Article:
A Visit to Frank Braynard’s Basement

Would our world of ocean liner collecting exist today without Frank Braynard?

Since his first book “Lives of the Liners” was published in 1947, Frank championed the history of ships big and small from every corner of the globe. Frank published more than 40 other books in his life and in each one his intense love affair with ships shines through.

So when in the spring of 2007 an invitation came to visit Frank Braynard to see about selling his books, I jumped at the chance. From an old friend of his, Dan Eschen, I had heard the legend of his amazing basement at his home in Sea Cliff, N.Y., which was crammed with liner stuff. I wasn’t going to miss this chance!

By the time I met Frank he was a very old man. His memory was failing. He had a difficult time walking. He needed constant care from Doris, his wife of 58 years. But when I mentioned a tour of his basement he was out of his chair and hobbling with a cane leading me to his incredible collection before anyone could stop him.

On the way down I was most concerned with making sure he didn’t tumble down the steep stairs and I did not pause to look around until we reached the bottom. Frank snapped on the light and the transformation was immediate, both in the man and the surroundings. Frank was an energetic young man again. And all around us was the result of his lifetime of collecting ship stuff, all crammed in a maze of tight passageways made up of filing cabinets, boxes, bookcases, and stacked books, books, and more books.

Off we went on a tour. One passageway was filled floor to ceiling with filing cabinets containing thousands, perhaps millions of ship postcards, brochures, photos, and deck plans, Down another were tall cases filled with bound volumes of steamship records. Around a corner was a builder’s model of the GEORGIC next to a LEVIATHAN plaque, on top of piles of papers of research. A side room was filled to the rafters with boxes from the publishers filled with his many books. And everywhere I looked were stacks of his LEVIATHAN volumes reaching right up to the ceiling as if they were holding up the house. Empty, Frank Braynard’s basement might be no larger than 30’ by 40’, but over many decades he transformed it into a ship lover’s maze.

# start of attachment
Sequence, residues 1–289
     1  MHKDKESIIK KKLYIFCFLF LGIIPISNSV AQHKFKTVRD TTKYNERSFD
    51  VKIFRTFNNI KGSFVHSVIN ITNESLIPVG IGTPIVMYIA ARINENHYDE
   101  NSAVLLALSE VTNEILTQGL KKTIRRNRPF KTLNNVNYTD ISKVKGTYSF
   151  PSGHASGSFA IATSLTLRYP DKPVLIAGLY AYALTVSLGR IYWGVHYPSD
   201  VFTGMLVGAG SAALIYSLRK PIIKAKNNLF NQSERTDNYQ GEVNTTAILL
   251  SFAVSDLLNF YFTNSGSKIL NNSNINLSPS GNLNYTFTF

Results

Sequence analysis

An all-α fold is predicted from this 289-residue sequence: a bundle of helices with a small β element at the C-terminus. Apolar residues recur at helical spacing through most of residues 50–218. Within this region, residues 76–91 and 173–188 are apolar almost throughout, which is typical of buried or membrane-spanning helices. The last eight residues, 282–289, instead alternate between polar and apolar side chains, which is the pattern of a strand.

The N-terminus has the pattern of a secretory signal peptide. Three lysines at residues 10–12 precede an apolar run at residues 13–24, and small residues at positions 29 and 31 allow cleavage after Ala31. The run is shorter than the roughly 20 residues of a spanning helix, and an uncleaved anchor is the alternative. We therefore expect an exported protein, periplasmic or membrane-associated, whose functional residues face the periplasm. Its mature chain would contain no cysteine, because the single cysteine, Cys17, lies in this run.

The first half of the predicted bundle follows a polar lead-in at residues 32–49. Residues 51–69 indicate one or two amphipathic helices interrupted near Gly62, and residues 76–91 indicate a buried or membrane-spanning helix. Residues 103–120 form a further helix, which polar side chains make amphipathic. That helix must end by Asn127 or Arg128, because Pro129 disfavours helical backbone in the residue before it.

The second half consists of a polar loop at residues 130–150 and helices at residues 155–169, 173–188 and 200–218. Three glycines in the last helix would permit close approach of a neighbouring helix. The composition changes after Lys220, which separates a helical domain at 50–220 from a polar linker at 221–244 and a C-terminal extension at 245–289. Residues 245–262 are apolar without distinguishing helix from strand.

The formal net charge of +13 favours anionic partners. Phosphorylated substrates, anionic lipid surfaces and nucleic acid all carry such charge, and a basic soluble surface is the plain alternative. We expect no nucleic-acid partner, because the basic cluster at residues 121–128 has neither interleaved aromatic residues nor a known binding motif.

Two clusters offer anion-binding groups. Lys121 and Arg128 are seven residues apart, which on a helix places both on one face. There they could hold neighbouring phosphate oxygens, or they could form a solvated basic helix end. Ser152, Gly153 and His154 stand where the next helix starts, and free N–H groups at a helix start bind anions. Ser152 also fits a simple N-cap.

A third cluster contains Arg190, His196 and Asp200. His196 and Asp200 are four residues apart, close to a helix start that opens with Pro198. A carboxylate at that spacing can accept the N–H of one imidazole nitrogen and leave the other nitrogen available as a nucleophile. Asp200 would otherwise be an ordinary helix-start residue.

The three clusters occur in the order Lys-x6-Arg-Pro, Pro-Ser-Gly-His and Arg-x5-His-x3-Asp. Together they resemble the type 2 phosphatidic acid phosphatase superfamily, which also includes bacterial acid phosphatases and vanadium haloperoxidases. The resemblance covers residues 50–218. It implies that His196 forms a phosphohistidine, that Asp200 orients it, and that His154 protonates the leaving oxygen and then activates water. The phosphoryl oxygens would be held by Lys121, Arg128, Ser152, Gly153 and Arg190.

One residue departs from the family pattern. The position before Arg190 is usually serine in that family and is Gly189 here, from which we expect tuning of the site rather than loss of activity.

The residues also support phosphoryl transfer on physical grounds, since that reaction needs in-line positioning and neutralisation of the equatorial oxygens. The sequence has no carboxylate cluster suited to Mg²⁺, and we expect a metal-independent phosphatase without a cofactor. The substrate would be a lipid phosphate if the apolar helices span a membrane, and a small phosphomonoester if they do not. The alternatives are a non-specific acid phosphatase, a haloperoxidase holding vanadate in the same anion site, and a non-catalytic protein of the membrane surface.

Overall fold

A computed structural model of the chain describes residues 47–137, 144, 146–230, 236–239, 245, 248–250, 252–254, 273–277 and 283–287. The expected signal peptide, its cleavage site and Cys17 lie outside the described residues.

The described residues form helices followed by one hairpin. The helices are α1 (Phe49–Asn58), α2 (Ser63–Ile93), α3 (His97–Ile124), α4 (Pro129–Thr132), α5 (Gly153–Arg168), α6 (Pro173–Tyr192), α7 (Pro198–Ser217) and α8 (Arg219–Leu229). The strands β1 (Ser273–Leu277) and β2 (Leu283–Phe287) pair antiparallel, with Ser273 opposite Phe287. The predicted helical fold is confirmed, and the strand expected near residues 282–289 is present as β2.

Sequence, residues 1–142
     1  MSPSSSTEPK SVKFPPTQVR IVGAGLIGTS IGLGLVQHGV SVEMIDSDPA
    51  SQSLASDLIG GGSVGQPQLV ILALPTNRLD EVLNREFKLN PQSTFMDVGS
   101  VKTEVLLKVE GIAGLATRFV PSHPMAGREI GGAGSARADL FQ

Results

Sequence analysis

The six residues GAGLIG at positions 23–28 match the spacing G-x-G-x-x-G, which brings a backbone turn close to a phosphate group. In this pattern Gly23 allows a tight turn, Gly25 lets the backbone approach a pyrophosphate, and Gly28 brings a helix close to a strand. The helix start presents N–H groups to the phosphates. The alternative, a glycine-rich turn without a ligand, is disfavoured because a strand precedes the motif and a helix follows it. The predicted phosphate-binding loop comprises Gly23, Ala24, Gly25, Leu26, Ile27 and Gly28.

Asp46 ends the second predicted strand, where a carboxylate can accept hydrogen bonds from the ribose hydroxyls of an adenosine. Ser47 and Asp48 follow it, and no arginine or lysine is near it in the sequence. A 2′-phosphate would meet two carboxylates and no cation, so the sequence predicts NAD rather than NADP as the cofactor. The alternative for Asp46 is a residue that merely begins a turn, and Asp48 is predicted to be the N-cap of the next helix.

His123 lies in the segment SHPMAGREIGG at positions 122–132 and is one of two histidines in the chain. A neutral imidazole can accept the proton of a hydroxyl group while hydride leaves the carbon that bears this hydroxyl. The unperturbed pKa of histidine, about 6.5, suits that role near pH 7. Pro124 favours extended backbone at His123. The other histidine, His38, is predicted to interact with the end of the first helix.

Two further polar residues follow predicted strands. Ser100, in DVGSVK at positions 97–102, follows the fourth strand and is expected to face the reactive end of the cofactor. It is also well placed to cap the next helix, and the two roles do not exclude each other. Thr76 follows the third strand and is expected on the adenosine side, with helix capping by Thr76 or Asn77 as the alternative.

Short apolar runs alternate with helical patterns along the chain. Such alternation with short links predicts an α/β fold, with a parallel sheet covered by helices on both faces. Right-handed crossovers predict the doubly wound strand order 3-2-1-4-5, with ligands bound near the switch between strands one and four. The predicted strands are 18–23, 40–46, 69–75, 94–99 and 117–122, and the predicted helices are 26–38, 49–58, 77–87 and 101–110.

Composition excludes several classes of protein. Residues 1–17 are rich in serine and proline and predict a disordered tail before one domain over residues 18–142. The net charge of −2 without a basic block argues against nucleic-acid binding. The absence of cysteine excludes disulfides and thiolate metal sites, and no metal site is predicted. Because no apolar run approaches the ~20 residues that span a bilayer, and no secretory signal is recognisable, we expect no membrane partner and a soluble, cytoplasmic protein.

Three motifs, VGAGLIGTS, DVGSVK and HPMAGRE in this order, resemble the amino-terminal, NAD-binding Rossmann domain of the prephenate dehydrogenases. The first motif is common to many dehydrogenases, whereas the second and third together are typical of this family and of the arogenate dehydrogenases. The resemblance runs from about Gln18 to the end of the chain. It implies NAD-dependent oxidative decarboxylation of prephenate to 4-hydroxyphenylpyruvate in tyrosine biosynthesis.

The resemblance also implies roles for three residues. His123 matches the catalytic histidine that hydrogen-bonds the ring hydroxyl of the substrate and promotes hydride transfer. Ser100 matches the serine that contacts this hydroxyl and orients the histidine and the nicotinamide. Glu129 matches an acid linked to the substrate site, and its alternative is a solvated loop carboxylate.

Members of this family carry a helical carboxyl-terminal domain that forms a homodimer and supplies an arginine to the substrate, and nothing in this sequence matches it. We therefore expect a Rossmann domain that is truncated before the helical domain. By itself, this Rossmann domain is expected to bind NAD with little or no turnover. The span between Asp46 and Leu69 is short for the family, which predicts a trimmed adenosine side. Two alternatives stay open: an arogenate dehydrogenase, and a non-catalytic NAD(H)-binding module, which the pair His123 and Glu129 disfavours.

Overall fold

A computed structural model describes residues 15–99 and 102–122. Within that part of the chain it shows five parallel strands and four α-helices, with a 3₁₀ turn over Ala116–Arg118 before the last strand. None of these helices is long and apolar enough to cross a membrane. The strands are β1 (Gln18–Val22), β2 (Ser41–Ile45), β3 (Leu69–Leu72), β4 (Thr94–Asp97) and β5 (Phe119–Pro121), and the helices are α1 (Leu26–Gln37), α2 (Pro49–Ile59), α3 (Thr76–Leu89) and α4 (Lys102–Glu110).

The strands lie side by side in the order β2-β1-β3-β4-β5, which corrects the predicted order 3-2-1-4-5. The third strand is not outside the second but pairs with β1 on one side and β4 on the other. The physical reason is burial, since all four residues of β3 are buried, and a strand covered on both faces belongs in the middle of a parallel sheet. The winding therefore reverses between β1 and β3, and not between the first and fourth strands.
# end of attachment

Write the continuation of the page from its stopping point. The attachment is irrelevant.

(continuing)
LEVIATHAN In a far corner we paused at a bookcase filled with hundreds of hardbound notebooks. These were the journals he had kept since a young boy. He pulled one out and showed me a detailed sketch he had made of the EMPRESS OF FRANCE when he was 10. He told me a wonderful story about his aunt traveling on the ship. He continued thumbing though the notebooks, pointing out drawings and talking in depth about ships of 60, 70, 80 years ago. Frank might have had a hard remembering yesterday but details of half a century ago were crystal clear. His daughter tells me that among these pages were the genesis of many of his books, and that there are more manuscripts still waiting to be discovered.

After an hour’s tour it was time for me to leave. Back upstairs he and Doris poised with me for a photo next to his prized possession, one of the famous “Old Salts” carvings of sailors that stood once guard over the VATERLAND’s and later the LEVIATHAN’s First Class Smoking Room.

Frank passed away early on the morning of December 10, 2007. He was 91. Was there ever a stronger advocate for preserving our steamship history than Frank Braynard? I am proud to offer his wonderful books, many of which I am selling for the Braynard family, on Nautiques.